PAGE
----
Kennedy Veterans Hospital
Memphis, TN


Administration Building, Kennedy General Hospital in Memphis - ca. 1940s
courtesy eBay

The U.S. Army's Kennedy General Hospital, better known as the VA Hospital was named for Army surgeon and veteran of the Spanish-American War and World War I, Brigadier General James M. Kennedy. The 116 building state of the art facility was built in 1942 on an over 120 acre parcel of land at the southeast corner of Park Avenue and Shotwell, through no small part due to the influence of Memphis native and Tennessee Senator Kenneth McKellar. The efforts of Mrs. M. E. Brown from Arkansas and the Press-Scimitar illuminated the irony of the address of a place to treat wounded servicemen and the street name south of Park Ave. was appropriately changed  from "Shotwell" to "Getwell" in 1942.1


Postcard of the Kennedy General Hospital Administration Building on Getwell Rd - ca. 1940s
courtesy eBay


A long table set for a Christmas dinner awaits the arrival of the German POWs who are patients of Ward 2B of Kennedy General Hospital, Memphis, Tennessee, in 1945. The table is set with traditional fruit centerpieces, plates, silverware, and candles. Stockings, Christmas cards, a Christmas tree, a banner proclaiming "Merry Christmas" a paraplegic patient dressed as Santa Claus, and hospital beds can be seen in the background.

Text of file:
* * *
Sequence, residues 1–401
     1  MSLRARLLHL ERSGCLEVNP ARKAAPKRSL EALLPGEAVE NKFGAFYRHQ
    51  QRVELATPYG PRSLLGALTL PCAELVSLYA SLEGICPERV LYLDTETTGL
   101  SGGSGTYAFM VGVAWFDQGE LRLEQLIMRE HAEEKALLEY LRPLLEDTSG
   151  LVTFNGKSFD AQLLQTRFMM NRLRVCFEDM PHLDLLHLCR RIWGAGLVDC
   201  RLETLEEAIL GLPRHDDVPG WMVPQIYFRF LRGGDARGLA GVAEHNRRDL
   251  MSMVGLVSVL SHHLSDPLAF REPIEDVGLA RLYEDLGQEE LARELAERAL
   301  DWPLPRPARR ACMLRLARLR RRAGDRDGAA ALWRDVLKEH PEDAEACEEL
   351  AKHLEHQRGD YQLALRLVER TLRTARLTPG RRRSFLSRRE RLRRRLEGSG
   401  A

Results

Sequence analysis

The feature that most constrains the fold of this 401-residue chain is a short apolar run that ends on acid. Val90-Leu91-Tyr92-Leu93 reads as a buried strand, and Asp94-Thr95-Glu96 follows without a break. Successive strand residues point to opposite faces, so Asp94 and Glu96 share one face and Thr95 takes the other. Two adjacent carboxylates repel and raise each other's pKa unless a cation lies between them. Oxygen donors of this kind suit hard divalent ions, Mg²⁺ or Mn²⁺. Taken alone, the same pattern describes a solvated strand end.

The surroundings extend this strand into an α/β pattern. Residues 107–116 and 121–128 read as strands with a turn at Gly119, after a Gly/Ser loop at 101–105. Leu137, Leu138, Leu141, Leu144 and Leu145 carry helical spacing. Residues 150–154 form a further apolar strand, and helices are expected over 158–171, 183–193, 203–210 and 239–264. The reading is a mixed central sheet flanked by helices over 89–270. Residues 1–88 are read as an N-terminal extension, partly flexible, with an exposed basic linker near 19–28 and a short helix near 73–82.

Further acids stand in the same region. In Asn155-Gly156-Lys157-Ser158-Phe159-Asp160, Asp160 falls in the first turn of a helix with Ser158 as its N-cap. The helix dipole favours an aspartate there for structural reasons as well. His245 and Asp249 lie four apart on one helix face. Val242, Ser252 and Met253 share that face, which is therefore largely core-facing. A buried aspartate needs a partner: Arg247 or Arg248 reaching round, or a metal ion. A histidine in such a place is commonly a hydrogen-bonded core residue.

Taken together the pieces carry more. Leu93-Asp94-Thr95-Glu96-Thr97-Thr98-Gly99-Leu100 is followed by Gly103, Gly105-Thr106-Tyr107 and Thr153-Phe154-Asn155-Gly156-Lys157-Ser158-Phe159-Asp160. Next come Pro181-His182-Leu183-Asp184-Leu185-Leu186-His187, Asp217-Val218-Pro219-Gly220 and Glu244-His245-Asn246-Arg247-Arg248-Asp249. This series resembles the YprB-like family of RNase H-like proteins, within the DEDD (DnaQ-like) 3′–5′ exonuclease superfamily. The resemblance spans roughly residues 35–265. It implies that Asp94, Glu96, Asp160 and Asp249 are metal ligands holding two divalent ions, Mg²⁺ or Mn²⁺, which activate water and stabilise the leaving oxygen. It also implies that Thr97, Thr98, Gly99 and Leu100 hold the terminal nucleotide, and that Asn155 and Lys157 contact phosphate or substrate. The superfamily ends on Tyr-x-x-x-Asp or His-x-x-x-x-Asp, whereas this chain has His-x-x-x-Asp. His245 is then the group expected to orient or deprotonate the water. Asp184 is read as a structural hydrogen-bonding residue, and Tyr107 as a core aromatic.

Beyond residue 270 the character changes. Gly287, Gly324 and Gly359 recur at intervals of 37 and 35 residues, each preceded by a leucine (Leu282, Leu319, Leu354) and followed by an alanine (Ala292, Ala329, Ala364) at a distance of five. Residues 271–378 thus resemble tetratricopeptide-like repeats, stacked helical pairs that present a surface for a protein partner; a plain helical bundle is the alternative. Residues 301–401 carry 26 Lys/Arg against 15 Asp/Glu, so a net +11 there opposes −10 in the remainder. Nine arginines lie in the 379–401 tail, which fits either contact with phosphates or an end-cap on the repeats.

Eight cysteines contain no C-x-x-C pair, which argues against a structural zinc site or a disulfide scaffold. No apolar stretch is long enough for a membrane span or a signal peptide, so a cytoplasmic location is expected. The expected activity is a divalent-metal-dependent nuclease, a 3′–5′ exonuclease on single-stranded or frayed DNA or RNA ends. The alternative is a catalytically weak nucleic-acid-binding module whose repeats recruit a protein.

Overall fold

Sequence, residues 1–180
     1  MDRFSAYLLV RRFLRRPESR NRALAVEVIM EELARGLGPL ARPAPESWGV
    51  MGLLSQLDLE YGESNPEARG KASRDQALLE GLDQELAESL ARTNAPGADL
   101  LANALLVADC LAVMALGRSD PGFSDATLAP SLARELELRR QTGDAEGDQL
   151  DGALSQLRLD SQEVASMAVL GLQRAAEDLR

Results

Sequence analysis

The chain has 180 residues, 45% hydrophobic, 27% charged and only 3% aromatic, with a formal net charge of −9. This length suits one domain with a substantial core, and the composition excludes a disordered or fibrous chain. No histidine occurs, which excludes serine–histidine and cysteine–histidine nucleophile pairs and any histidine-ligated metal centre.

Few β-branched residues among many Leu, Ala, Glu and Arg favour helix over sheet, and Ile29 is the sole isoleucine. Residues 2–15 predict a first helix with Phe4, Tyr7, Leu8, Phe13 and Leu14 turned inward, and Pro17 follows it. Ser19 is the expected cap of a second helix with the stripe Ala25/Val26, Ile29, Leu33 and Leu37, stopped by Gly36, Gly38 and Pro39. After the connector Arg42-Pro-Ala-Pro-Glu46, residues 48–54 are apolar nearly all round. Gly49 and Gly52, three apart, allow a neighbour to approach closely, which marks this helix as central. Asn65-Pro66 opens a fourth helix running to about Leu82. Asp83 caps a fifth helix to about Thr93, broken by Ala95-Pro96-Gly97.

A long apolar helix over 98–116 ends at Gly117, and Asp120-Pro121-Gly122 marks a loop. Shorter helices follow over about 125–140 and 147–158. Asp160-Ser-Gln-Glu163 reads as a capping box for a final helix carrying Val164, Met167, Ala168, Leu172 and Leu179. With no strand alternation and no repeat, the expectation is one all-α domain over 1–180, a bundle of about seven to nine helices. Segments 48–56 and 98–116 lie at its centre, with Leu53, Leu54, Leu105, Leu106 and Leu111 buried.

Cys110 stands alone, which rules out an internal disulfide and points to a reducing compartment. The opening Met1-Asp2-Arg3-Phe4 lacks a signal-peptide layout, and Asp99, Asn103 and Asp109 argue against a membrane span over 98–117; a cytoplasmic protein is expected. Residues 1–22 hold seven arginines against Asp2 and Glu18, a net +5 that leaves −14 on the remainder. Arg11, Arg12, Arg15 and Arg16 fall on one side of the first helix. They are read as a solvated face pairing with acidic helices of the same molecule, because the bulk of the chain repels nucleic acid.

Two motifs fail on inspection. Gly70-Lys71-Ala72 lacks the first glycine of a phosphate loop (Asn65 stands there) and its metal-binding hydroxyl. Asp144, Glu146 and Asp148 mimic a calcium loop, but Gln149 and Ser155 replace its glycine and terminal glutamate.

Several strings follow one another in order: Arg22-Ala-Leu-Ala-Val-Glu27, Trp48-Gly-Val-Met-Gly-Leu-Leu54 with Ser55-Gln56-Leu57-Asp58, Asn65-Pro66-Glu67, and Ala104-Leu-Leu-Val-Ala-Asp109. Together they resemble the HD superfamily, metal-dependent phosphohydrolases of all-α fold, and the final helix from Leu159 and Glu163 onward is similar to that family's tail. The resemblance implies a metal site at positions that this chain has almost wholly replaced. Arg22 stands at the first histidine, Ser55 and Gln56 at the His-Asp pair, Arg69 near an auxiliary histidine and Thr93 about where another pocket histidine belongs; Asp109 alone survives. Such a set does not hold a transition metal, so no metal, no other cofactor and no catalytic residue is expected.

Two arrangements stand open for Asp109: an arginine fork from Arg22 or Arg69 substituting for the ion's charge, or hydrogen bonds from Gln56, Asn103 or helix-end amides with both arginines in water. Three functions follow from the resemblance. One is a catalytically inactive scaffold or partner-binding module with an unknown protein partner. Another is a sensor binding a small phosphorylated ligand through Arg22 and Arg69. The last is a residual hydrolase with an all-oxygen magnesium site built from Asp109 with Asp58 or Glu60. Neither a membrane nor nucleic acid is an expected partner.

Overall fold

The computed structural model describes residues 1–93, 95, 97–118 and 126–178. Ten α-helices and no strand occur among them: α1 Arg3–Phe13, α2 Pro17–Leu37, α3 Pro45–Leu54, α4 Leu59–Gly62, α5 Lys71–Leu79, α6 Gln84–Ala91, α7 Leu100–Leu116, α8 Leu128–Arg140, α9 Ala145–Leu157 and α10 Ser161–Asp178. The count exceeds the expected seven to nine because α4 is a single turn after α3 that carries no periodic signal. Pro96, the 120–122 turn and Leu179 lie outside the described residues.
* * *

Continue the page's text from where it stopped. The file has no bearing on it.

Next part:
Photo from Caroline Morrison Garrett Papers, 1941-1948, courtesy Womens Veterans Historical Project UNCG


A paraplegic patient at Kennedy General Hospital in Memphis, Tennessee, is dressed as Santa Claus with a home-made mask in 1945. A large pair of crutches are behind the Santa, and Christmas stockings, candles, and a banner proclaiming "Merry Christmas" can be seen in the background.

Photo from Caroline Morrison Garrett Papers, 1941-1948, courtesy Womens Veterans Historical Project UNCG


Four patients of Ward 2B of Kennedy General Hospital enjoy a Christmas dinner in 1945. The table is set with fruit centerpieces, candles, plates, silverware, and large cups. Christmas cards, and paper Christmas trees. Hospital exercise beds can be seen in the background.

Photo from Caroline Morrison Garrett Papers, 1941-1948, courtesy Womens Veterans Historical Project UNCG

The hospital opened on January 23, 1943 to treat combat veterans of World War II with the first wounded soldiers from overseas arriving in February - paraplegics and quadriplegics. In July of that year, the first prisoners of war, German and Italian, began being treated at Kennedy. Initially planned for 1500 beds the hospital had twice that and in two years it grew to be the largest Army hospital in the country.1



Aerials views (north and south) of U.S. Army, Kennedy General Hospital, Memphis, TN - April 5, 1946
courtesy U.S. National Library of Medicine